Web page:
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11 of 11 people found the following review helpful By Peter Finch on January 3, 2007
Format: Paperback
The Rocket Company is well worth reading if you are a space nut. The authors are opinionated and don't really do justice to alternate ideas. Sometimes you get the feeling they are skipping over the hard parts. But they explore a lot of areas laymen don't think about, and that can be fun.

While this book is technically a novel, it reads more like a long, fictional HBS case. The characters and plot are unimportant. You are meant to read about the business and engineering and be interested in that. It's a book for nerds.

Technically, the book is so-so. The authors downplay testing. They push ultra-thin engineering margins. They introduce complexity where it seems unnecessary. It often seems like AMM (the rocket company) is doing things the hard way. Maybe these are literary tools used so that the authors can talk about their interests, but the reader is often left thinking "there's no way a rational company would do things that way or spend money on that". They approach business questions with a bit of wishful thinking. Regular VC discount rates do not apply. No real competitors will ever arise. To their credit they do at least think about business issues.

Good space books are thin on the ground. This one deals with a lot of the real complexity of an engineering company, and that makes it interesting. It's obviously timely, since numerous real companies are beginning to push into this world. If it was a book about any other topic, I'd give it three stars, but it's so unique in its depth and thought on this topic that I have to pump it up. In summary: It's a book for nerds. Mandatory reading for space nuts. Should not be taken as gospel.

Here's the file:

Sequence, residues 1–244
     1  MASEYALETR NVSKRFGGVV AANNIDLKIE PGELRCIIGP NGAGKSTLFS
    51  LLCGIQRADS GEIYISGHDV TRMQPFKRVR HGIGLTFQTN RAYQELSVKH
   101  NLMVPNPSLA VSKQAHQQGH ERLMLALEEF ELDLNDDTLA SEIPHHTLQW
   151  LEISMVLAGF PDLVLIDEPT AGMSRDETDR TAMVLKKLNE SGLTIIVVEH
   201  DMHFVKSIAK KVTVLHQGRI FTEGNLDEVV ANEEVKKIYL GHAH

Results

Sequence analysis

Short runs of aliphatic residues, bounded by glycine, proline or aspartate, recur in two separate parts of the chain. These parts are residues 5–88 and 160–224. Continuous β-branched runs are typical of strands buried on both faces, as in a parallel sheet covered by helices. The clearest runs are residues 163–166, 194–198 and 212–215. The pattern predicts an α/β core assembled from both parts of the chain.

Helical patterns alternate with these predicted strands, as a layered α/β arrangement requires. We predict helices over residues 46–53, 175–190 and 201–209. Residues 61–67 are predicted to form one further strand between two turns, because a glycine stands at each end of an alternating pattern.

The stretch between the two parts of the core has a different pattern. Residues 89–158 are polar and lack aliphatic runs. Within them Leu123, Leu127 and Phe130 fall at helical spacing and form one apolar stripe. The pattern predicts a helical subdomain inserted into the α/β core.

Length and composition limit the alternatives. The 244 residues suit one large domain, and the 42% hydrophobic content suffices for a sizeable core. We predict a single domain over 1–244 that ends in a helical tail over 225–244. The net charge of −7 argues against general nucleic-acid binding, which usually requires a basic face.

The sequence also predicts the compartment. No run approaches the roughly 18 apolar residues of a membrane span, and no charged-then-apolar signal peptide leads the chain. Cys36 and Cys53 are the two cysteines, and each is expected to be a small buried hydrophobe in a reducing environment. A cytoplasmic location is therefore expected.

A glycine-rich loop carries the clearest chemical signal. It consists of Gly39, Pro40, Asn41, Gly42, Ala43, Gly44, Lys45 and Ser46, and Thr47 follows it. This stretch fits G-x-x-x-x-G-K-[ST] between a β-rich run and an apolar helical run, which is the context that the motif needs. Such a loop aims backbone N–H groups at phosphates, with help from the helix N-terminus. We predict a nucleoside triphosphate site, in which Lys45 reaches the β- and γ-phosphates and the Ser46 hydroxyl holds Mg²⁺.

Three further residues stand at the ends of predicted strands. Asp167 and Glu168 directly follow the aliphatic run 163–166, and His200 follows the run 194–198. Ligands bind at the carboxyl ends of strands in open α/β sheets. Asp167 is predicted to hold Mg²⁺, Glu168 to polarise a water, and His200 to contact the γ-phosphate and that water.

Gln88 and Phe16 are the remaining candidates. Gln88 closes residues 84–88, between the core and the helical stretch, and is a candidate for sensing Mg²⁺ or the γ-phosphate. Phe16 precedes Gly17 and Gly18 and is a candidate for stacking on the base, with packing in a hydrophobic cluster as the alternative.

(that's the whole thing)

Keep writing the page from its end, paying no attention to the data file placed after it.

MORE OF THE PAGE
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4 of 4 people found the following review helpful By Michael Valdivielso on February 21, 2011
Format: Paperback
Do you wish to see what the future of space travel will be like? But sick of the artwork that does not seem to be realistic? Or sick of the sci-fi stories which seems to talk down to you? Want real engineers and pilots, not cowboys and comic book Heroes? Well, this is the book for you.
As you may notice, many have called it a fictional business plan for getting out there into space and in some ways that is true. But is also the nearest thing to a very realistic, hard science fiction story about getting into space. At first it may feel a tad slow but all the build up in the earlier chapters, all the details as the two stage rocket is designed, the funding collected and the future plotted out inch by inch, makes the later chapters easier to understand, as you are on the same page as the author, and make them go much faster.
It is not just all math and profit. There are a few wonderful drawings, lots of imagination, and even some humor. The end result is something hard sci-fi fans, like myself, not only can enjoy but it also promises ONE way that we can get off this planet, into space.
Because, if NASA can't do it, somebody else will have to.
If you enjoyed this book I would also suggest the anime Planetes: Complete Collection for its vision of the future. I would also suggest the following books, in no real order - Return to the Moon (Apogee Books Space Series),
...Read more ›